Context – Art Miami
December 1st-6th

Ravi Zupa (United States)
Martin Whatson (Norway)
Hari & Deepti (India)
Ben Eine (United Kingdom/United States)
Snik (United Kingdom)
Alexis Diaz (Puerto Rico)
Sergio Garcia (United States)

Black Book Gallery
Booth CTX33
The CONTEXT | Art Miami Pavilion
Midtown | Wynwood Arts District
2901 NE 1st Avenue
Miami, FL 33137


Black Book Gallery is exhibiting at Context Art Miami December 1­6, 2015. This is the gallery’s third year exhibiting in Miami during Art Basel week and first time exhibiting at Context Art Miami. The gallery will be presenting a mini solo exhibition of new works from Denver artist Ravi Zupa alongside a handful of very talented artists from around the world including Martin Whatson, Ben Eine, Snik, Alexis Diaz, Hari & Deepti and Sergio Garcia.

Demand for Ravi Zupa’s work continues to grow. His year began with a sold out show at Black Book Gallery with work being acquired by several prominent private collections. He also participated in several group exhibitions throughout the U.S., Canada and Europe including two museum exhibitions.

For his exhibit at Context Art Miami entitled, “What Have We Learned So Far?” Zupa has created a body of nine new paintings and seven new “Mightier Than” sculptures. As always, the imagery within each painting is richly varied with references to multiple movements throughout art history and as always the images are entirely created by Zupa himself.

From Ravi Zupa:
As each movement in art develops, new artists (as well as viewers) tend to have a strange unconscious idea that this new development represents the most sophisticated and best version of art. Just like young school children who look at fashion from generations prior and laugh. It seems to them that earlier societies had somehow gotten fashion wrong. And that, we in this era have figured out the right answer to the question “What should people wear?” But each of these different aesthetics, processes and traditions were valuable in ways that others are not. A crude ancient Aztec codec for example can produce an effect inside the body and mind of a viewer wholly different from that of a photo realistic portrait from the 19th Century and both are wonderful and valuable. I seek to integrate some of these different methods of depiction and ask the question, What have we learned so far?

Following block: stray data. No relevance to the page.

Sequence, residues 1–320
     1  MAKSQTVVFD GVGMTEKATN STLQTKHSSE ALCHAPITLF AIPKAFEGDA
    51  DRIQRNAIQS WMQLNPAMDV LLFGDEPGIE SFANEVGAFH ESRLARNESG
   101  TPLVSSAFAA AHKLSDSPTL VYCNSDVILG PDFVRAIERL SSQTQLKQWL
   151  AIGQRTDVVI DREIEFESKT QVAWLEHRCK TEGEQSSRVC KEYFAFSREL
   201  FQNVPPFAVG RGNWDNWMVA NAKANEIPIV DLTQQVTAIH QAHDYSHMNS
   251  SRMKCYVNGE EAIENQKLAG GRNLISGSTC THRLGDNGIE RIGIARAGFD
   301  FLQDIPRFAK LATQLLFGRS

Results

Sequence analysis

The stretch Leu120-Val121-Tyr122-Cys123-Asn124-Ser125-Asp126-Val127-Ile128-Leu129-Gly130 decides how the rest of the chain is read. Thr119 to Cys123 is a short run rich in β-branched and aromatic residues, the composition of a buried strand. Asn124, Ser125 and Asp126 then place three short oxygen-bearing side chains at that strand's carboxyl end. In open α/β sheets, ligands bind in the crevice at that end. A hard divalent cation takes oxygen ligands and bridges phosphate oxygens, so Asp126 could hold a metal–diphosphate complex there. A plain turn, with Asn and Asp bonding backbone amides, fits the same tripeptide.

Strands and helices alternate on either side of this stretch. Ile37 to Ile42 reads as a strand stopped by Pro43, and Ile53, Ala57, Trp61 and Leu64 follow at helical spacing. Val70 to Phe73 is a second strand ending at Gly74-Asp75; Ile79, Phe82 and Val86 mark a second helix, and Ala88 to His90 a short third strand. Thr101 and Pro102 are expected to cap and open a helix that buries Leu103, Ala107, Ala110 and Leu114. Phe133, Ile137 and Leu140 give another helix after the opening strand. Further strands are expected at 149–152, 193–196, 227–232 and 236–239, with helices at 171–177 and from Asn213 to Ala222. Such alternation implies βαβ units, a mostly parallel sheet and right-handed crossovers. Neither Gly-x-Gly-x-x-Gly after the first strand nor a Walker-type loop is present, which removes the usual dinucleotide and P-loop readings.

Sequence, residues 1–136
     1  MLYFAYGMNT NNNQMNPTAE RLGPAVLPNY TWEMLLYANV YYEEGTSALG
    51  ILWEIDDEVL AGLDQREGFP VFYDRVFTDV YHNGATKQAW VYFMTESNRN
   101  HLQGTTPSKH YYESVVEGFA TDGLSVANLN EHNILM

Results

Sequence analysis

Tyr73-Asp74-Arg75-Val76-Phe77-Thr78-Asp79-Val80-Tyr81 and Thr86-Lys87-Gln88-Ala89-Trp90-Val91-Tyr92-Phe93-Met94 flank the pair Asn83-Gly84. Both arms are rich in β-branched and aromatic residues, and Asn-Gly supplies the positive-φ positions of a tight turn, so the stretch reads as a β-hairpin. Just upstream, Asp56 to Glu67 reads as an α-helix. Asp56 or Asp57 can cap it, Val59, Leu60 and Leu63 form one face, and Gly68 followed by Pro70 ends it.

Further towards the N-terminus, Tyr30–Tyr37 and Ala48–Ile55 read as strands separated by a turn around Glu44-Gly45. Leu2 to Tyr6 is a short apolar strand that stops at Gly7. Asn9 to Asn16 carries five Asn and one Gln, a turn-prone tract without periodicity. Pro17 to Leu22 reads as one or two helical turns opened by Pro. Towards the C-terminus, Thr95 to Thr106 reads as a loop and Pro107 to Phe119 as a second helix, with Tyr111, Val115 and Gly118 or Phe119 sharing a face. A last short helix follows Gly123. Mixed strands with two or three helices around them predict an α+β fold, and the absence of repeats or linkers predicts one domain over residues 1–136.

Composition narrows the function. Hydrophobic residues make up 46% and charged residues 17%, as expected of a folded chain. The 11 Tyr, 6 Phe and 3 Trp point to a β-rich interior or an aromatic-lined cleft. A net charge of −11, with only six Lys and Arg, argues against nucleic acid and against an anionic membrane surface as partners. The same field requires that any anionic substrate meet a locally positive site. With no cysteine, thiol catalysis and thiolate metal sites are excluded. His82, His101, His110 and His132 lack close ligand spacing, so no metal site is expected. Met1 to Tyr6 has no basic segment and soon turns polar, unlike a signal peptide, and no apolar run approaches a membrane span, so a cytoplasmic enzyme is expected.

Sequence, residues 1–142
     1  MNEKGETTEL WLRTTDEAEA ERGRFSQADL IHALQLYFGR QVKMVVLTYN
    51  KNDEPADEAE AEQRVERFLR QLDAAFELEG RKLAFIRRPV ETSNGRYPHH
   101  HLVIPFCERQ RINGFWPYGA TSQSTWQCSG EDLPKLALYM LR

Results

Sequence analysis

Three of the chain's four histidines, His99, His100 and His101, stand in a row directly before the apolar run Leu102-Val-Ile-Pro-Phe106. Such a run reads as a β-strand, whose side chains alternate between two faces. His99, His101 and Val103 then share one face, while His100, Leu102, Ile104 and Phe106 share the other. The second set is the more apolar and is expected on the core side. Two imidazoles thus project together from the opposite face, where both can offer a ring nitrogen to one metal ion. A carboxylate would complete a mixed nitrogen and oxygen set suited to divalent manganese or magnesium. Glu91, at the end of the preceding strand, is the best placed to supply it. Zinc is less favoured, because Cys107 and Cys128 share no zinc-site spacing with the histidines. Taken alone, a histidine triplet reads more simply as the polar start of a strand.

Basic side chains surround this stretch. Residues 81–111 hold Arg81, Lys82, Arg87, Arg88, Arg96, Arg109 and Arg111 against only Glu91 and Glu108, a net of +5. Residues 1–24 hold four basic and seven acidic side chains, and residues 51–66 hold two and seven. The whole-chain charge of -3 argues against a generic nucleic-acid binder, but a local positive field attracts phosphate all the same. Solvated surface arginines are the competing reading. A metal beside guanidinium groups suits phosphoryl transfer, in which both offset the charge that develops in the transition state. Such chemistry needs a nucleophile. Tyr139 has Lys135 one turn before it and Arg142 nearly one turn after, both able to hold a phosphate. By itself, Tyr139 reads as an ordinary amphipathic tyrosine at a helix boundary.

It has also been a goal of mine for many years to take my controlled detailed work (inspired by classical painters, printmakers, thangka tapestries and so on) and find graceful ways of integrating that control with the chaotic expressiveness of abstraction (inspired by artists like Twombly, Basquiat and Rauschenberg). In the last year, I have made great advances in this endeavor. Again, I look back and ask, what have I learned so far? ­- Ravi Zupa


In combination with the paintings Ravi Zupa has created a new group of “Mightier Than” typewriter machine guns. Black Book Gallery unveiled a handful of these sculptures at last year’s Scope Miami Fair and the response from viewers and collectors was overwhelming.
Because the “firearms” look so convincing some people ask if they actually fire (which they do not). Their appearance is also so striking that they recently garnered the attention of law enforcement. While crating the new “Mightier Than” works for shipment to Miami, Black Book was approached by police officers responding to a call by a neighbor concerned about potential “gun running”.


About the “Mightier Than” Series
Each piece is constructed, primarily from disassembled antique typewriters. There are also stapler components and some scrap metal. Everything is held together with welds, bolts and rivets. The stocks and wooden handles are all shaped from salvaged oak. The ammunition is comprised of Speedball pen nibs and used bullet cartridges of various sizes. The pen nib points of the 223 and smaller are pressure fit into the neck of the cartridge and the nibs of the larger caliber casings are pressure fit and held into place with a section of a standard number 2 pencil. Each cartridge is laser etched with the artist’s signature, plow and scythe symbol.